After days of rainfall overflowed onto Chennai’s streets, help came from above, too, with the army and the air force swinging into action to evacuate a record 12,000 people from low-lying inundated areas in and around the city. The damage has not been limited to the metro, either — surrounding regions such as Tiruvallur, Kancheepuram and Cuddalore have taken a pounding as well, with both crops and property severely damaged. With the state-wide death toll crossing 100, chief minister Jayalalithaa has already announced a ₹500-crore relief package for Tamil Nadu.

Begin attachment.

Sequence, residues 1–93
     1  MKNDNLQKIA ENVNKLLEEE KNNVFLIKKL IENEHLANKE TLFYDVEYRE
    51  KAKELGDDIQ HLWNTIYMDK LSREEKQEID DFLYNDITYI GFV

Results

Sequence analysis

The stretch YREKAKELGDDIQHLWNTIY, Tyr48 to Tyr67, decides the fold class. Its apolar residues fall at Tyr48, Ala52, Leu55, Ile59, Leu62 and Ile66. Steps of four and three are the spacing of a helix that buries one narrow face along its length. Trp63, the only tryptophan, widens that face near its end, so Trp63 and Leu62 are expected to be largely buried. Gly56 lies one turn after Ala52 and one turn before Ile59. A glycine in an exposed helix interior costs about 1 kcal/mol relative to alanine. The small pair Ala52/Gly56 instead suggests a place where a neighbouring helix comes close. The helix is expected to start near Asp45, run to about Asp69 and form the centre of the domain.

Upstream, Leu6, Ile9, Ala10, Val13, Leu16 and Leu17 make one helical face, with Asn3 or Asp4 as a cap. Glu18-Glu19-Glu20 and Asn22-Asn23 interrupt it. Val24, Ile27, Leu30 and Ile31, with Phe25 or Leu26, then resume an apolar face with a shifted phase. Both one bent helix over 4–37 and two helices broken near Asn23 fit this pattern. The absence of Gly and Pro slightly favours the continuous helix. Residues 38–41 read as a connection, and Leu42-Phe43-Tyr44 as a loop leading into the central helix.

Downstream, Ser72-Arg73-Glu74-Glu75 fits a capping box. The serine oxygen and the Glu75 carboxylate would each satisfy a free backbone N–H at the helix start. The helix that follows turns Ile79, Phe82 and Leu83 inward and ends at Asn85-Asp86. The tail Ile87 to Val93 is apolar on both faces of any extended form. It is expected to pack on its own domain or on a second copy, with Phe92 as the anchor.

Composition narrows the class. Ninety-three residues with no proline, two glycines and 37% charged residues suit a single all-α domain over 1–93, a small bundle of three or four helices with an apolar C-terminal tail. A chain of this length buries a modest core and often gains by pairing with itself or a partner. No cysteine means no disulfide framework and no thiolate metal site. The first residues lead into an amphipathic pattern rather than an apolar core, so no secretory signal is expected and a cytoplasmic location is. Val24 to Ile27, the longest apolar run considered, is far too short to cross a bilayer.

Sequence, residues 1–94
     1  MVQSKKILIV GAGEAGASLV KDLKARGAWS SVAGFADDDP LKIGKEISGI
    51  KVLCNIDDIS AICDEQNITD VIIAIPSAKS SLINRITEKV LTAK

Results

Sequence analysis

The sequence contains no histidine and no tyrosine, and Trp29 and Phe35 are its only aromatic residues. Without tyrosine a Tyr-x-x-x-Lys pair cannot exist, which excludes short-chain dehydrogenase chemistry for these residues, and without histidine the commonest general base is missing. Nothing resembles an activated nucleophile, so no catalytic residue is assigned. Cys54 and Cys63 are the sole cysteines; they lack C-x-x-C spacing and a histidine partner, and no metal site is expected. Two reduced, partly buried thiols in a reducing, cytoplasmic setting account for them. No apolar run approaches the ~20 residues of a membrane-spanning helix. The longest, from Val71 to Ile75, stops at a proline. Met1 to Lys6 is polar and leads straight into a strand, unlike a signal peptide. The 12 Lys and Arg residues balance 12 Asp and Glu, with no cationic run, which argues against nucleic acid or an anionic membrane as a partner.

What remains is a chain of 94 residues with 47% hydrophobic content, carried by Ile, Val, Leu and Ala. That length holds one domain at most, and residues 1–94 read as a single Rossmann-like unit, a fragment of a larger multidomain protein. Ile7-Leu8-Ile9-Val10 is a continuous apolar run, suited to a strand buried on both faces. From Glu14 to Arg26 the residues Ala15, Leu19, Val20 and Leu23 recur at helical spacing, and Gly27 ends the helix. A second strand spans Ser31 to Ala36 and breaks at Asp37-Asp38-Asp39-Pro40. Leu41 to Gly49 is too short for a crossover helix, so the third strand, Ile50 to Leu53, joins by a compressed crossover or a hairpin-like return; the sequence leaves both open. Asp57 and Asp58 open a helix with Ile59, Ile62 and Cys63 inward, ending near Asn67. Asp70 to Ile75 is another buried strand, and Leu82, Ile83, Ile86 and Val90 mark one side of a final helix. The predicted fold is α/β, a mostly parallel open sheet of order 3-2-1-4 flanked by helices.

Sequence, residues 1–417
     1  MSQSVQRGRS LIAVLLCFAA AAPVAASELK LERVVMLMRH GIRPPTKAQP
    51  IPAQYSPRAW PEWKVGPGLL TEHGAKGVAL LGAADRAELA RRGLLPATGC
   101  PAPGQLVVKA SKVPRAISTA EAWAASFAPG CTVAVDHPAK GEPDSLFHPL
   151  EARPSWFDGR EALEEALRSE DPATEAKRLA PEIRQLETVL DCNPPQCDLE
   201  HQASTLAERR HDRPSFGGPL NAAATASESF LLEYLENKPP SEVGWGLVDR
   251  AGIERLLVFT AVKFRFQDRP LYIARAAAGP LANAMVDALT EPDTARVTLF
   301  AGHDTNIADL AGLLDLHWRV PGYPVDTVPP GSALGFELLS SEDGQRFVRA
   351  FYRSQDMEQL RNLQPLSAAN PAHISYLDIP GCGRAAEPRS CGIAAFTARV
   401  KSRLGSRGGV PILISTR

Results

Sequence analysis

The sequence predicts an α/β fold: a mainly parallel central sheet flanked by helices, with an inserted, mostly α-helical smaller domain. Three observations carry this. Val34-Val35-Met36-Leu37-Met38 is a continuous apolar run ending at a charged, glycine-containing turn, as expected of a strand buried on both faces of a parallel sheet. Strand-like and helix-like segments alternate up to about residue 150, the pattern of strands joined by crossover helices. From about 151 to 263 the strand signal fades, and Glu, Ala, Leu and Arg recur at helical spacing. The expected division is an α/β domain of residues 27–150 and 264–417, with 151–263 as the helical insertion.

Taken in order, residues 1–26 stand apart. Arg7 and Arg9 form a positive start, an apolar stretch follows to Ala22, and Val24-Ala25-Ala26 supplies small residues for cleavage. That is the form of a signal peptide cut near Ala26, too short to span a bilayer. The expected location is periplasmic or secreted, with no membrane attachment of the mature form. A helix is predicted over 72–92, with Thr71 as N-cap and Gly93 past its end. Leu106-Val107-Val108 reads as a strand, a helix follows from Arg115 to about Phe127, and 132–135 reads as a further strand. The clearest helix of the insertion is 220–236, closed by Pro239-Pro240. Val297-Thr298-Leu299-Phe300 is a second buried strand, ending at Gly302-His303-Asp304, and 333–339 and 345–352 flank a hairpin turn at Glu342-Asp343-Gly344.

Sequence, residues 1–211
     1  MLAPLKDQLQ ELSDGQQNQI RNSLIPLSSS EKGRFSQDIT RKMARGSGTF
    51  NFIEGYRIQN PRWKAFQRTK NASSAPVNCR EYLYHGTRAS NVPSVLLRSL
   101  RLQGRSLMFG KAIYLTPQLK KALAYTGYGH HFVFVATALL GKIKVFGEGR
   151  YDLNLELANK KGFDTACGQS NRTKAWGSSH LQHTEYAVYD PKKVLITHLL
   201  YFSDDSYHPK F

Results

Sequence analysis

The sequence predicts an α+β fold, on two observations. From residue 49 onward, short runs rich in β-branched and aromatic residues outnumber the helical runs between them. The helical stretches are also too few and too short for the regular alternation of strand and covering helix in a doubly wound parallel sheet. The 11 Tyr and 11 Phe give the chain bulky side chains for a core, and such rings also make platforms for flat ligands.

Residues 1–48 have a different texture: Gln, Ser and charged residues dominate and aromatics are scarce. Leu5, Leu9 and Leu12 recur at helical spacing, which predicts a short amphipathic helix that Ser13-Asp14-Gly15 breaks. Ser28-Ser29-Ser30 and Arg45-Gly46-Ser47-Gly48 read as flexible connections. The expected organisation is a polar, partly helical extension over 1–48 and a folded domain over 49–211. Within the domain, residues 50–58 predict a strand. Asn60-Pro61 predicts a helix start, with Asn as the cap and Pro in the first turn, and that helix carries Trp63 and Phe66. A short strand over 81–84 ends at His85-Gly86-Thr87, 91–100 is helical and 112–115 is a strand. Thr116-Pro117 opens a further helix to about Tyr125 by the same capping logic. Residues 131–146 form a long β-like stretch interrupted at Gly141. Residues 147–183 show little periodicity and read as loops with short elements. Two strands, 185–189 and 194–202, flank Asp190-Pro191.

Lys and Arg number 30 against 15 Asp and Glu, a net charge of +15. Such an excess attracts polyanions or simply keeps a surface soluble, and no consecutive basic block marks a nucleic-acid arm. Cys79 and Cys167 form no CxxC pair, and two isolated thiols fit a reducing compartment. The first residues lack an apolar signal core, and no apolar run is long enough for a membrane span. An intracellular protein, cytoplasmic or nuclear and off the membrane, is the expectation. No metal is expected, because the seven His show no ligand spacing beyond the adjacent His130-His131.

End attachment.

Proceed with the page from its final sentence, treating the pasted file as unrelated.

The adequacy of the figure is now in question, what with an equivalent amount being filed in claims with insurance companies and many areas of the city still being underwater. So, who is to blame — or is taking the blame — for this mess? Encroachment over key canals and abandoned metro and storm water drain work seem to have all compounded the problems created by high rainfall. But with unseasonal, heavy rainfall, a complete collapse of public infrastructure and unprepared municipal authorities being an inalienable part of everyday life in India, this whole debacle instead puts into serious question Chennai’s claims of being a true-blue metro. Actually, the same can be said of Mumbai, Delhi, Bengaluru and Kolkata, too.